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New study: High blood pressure disorders during pregnancy linked to dementia risk


ALBANY, N.Y. (NEWS10) –New research presented by the Alzheimer’s Association found that high blood pressure disorders during pregnancy can impact the likelihood of accelerated brain aging or dementia diagnosis. 

According to the Alzheimer’s Association, women are almost twice as likely as men to develop dementia. But why is that? The Executive Director of the Alzheimer’s Association North-Eastern Chapter, Beth Smith-Boivin, said for many years doctors thought this was simply because women lived longer than men, and age is the top risk factor.

“But over time, we’ve actually learned there are substantive sex differences that account for this increase or this elevation in risk for women,” Smith-Boivin said. “And so there’s been a lot more data gathering about why.”

A study by the University of Utah Health included 59,668 women who had experienced pregnancy and looked into possible connections between HDP—Hypertension During Pregnancy—and later-life dementia.

The findings showed that women who experienced high blood pressure disorders during pregnancy were 1.64 times higher risk of vascular dementia and 1.49 times higher risk of other related dementia.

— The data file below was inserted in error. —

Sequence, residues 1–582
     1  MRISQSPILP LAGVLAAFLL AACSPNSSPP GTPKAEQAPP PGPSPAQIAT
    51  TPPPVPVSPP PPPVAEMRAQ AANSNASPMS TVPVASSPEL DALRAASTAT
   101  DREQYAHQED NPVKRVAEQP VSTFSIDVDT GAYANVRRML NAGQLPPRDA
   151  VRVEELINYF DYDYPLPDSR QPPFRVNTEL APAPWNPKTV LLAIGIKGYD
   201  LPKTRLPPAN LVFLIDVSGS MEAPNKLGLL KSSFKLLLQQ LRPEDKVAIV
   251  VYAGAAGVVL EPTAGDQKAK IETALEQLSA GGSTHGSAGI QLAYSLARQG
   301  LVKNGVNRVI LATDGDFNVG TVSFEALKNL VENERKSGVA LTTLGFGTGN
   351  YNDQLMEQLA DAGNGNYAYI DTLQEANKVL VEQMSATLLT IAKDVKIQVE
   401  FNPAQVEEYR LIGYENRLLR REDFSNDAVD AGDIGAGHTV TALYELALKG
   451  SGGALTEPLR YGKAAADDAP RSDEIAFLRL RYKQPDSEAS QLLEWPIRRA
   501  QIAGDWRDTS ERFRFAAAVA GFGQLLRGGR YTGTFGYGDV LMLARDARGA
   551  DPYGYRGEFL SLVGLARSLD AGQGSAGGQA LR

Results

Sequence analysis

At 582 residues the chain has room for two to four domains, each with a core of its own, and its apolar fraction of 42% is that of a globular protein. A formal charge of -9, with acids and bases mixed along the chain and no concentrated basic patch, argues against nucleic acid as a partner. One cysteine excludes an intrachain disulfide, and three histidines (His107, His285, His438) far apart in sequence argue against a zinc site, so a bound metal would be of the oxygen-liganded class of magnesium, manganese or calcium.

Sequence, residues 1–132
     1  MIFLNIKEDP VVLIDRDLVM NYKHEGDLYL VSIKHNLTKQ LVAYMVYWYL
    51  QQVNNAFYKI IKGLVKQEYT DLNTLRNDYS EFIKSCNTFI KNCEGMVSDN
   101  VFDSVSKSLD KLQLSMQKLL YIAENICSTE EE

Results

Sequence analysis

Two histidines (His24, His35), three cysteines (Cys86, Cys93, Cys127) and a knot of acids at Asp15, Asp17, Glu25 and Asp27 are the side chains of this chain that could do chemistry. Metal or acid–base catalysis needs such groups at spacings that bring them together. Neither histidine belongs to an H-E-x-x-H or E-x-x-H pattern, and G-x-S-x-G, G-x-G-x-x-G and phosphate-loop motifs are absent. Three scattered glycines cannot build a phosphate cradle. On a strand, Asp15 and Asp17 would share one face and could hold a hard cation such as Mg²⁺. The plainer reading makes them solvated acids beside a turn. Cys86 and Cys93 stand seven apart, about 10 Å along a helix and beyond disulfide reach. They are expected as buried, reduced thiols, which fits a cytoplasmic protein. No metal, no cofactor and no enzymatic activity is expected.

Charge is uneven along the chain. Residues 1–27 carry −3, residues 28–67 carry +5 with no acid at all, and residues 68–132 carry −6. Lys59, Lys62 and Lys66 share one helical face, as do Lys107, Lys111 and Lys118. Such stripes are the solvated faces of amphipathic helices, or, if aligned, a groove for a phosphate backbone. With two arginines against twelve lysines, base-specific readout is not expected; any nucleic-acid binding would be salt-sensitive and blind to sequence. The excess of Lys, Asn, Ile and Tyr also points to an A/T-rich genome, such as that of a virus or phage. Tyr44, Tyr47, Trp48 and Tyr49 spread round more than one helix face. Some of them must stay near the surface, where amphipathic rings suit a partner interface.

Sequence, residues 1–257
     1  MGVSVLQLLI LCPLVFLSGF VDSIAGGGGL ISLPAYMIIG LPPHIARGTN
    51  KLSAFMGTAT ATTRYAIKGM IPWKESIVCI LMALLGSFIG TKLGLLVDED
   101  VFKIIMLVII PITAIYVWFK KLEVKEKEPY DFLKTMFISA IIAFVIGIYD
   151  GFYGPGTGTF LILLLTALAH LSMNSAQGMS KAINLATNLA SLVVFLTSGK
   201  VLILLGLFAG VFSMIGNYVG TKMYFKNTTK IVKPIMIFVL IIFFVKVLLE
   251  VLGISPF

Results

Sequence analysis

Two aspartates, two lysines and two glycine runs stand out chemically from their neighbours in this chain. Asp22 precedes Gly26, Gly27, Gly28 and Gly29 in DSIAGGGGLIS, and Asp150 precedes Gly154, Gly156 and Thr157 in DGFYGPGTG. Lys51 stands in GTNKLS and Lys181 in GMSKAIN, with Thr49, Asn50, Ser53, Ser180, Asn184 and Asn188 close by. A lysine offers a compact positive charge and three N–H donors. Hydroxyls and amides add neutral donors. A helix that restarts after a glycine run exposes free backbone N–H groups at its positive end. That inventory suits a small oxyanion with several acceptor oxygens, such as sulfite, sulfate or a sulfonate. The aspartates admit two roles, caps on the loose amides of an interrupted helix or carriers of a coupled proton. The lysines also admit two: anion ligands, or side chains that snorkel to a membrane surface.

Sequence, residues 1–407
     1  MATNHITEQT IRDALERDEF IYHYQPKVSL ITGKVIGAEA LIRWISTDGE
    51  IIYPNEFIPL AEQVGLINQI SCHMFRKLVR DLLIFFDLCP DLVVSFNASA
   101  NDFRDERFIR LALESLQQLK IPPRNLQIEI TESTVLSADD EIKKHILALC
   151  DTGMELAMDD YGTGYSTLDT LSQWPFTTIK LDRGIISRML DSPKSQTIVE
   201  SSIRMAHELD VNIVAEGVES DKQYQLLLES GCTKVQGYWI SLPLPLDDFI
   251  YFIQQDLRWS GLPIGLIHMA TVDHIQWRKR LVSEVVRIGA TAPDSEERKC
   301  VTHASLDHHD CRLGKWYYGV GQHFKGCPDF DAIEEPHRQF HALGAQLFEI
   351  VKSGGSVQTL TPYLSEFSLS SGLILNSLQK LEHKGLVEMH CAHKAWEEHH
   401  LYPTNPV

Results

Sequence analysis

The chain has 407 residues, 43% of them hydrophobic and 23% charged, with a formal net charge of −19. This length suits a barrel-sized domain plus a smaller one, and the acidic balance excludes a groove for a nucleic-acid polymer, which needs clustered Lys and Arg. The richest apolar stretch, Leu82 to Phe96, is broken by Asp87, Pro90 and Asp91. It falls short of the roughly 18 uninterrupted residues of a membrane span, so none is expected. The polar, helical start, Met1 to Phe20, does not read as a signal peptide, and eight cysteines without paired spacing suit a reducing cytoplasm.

“This is among the first longitudinal data linking hypertensive disorders of pregnancy with dementia in a large study cohort,” Claire Sexton, D.Phil., Senior Director of Scientific Programs at the Alzheimer’s Association stated in a press release. “Considering the serious short- and long-term implications of HDP, early detection and treatment are vital to protect both the pregnant person and baby.”

These high blood pressure conditions, like hypertension and preeclampsia, affect nearly 1 in 7 hospital deliveries. This subject is close to Smith-Boivin’s heart, as she experienced preeclampsia during pregnancy, and is currently participating in a study.

“Vascular dementia typically results when someone has a stroke or a series of small strokes or vascular changes, which is what’s so important in this particular data,” Smith-Boivin said.

The Alzheimer’s Association said this data is another important reason for women to monitor their health during and after pregnancy. They recommend getting your blood pressure checked regularly and speaking up if you notice a change in memory or cognitive decline. 


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